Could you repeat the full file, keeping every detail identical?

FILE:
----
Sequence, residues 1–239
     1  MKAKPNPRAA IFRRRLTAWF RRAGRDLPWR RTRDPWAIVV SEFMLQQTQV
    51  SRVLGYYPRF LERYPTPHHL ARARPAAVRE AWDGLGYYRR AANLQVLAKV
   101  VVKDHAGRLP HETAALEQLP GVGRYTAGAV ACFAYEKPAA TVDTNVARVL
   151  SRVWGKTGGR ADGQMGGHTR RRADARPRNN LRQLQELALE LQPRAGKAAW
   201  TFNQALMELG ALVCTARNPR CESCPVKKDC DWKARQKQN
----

Sequence, residues 1–239
     1  MKAKPNPRAA IFRRRLTAWF RRAGRDLPWR RTRDPWAIVV SEFMLQQTQV
    51  SRVLGYYPRF LERYPTPHHL ARARPAAVRE AWDGLGYYRR AANLQVLAKV
   101  VVKDHAGRLP HETAALEQLP GVGRYTAGAV ACFAYEKPAA TVDTNVARVL
   151  SRVWGKTGGR ADGQMGGHTR RRADARPRNN LRQLQELALE LQPRAGKAAW
   201  TFNQALMELG ALVCTARNPR CESCPVKKDC DWKARQKQN